Personal Finance Basics for Beginners

Personal Finance Basics for Beginners

Ten Essentials of Financial Management

One of Your Best Buddies Is Budgeting

Making ensuring that your monthly expenditures don’t exceed your monthly income can be accomplished through budgeting and knowing how to balance your bank account. Just hoping that at the end of the month, everything will balance out can result in bank fees and credit card debt and prevent you from investing for the future.

You may gain a rapid grasp of your financial situation by reviewing your bank statements from the preceding few months and compiling a list of your average monthly income (after taxes) and expenses.

Budgeting can be simplified by separating out fixed expenses like rent and utilities from variable ones like entertainment and clothes. Spending a month or two keeping track of your money using a diary or a mobile app will give you a good idea of where your money goes on a daily basis.

You can see if you’re falling behind, breaking even, or, best case scenario, gaining ahead of the game financially by keeping track of all your monthly income and expenses on a spreadsheet.

Going through your budget and looking for places to cut back on discretionary spending is a good starting step if you aren’t living within your means or if you’d like to free up more income for saving. Is it possible for you to eat in more often? Spend less on apparel? No more TV? Leave the gym and start exercising at home?

Asking for a raise at work or launching a side business from home are two options to increase your income.

Establishing a Contingency Fund

No one knows when their automobile will give out or when they’ll need to get to the dentist in a hurry. It’s risky to rely on credit cards or fall behind on bills if you don’t have a savings cushion to cover unexpected expenses.

To prepare for situations like this, it may be wise to start setting aside money regularly. The standard recommendation is to have three to six months’ worth of expenses saved up in a liquid account.

An interest-bearing account that yet allows quick withdrawals in an emergency is a decent compromise. A high-yield savings account, an internet savings account, or a bank account with no monthly maintenance fees are all viable choices.

Avoiding Carrying a Balance on Credit Cards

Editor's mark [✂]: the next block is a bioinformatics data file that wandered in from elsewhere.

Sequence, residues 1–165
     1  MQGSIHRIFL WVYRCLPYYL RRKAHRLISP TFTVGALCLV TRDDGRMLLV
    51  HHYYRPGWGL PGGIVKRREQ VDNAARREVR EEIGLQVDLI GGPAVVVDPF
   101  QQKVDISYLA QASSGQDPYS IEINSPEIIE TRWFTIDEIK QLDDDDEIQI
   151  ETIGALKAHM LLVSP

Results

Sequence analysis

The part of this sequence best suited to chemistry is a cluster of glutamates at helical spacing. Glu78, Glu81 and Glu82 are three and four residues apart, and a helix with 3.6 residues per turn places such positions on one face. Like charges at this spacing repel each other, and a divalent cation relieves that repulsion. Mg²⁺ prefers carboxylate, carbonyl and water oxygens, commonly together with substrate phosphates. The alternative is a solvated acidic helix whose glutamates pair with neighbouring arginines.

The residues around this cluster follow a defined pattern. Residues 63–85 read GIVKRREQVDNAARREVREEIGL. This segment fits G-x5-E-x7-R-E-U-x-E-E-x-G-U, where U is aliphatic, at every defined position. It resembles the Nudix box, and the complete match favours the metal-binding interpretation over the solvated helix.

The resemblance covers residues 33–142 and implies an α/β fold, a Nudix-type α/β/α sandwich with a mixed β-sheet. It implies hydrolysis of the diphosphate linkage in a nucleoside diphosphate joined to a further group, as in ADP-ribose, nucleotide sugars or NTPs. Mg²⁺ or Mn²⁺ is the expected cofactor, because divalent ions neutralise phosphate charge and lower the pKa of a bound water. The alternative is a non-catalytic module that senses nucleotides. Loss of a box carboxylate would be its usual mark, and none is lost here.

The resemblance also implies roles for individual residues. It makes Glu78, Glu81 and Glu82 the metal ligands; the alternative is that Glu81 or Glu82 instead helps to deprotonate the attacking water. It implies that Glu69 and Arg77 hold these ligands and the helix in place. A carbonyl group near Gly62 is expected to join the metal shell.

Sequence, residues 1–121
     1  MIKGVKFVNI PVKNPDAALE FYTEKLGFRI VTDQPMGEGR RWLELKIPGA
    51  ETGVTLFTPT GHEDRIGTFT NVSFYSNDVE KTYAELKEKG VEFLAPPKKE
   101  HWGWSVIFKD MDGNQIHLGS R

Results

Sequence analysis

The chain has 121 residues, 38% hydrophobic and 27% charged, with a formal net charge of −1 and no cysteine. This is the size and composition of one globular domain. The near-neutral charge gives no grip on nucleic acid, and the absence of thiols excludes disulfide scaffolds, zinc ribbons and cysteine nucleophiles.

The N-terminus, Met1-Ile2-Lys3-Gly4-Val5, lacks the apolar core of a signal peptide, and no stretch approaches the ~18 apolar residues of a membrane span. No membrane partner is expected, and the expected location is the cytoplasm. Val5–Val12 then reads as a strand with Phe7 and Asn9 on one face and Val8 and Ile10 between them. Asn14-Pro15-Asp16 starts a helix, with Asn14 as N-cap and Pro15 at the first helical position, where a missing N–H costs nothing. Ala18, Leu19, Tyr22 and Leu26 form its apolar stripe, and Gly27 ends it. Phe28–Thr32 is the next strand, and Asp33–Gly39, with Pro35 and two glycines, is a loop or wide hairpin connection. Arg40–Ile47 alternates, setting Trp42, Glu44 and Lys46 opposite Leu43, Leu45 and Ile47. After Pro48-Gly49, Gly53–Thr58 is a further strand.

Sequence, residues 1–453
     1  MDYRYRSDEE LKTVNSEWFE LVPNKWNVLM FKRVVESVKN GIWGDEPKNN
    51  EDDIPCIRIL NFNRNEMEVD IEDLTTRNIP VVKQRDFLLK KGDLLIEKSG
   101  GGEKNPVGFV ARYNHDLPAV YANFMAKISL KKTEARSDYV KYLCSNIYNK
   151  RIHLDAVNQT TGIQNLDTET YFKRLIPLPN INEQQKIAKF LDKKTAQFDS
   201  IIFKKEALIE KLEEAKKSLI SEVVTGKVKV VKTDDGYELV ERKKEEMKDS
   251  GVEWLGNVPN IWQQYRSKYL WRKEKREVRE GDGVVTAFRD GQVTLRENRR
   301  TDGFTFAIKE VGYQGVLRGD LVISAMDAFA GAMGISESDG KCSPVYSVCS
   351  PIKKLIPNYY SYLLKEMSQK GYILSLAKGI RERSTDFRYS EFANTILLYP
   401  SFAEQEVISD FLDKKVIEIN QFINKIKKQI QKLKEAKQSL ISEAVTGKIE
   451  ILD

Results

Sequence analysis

It’s easy to go overboard while using a credit card because of the convenience it provides. But if you let the balance roll over from month to month, you’ll end up paying a hefty premium for the convenience.

The reason for this is that credit card interest rates are far higher than average, typically exceeding 16%. Thus, a nominal fee that is carried over a period of months can rapidly increase in size. Other forms of high-interest debt, such as certain forms of private or payday loans, are also affected.

Don’t freak out if you’re already carrying a heavy load of high-interest debt. It’s possible to eliminate that financial burden.

For instance, the avalanche approach has you pay the bare minimum to each creditor and then prioritize paying off the debt with the greatest interest rate. The borrower then prioritizes paying off the debt with the next highest interest rate, and so on.

Punctual bill payment

Creditors may charge you a late fee if you pay your bills late or skip payments altogether. A delinquent account or one that has been sent to collections has been ignored for an extended length of time.

A borrower’s credit score is one factor used in determining whether to extend financing.

There is a direct correlation between your payment history (which accounts for 35% of your credit score) and your credit score. If you have a low credit score, loan approval will be more challenging and interest rates on whatever loans you are offered will likely be higher.

Get a Head Start on Retirement Savings

Retirement may seem like a distant prospect while you’re young. But if you start saving early on, you may stretch your contributions out over a longer period of time and avoid having to play catch-up later on.

However, the power of compound interest is perhaps the most compelling argument in favor of getting started as soon as possible.

A little amount can expand over time since interest is earned on both the principal and the interest accrued. You should think about putting money into a 401(k) or other employer-sponsored retirement plan if your company offers a matching contribution.

A standard IRA, Roth IRA, or SEP IRA may be available to you, depending on your specific financial condition.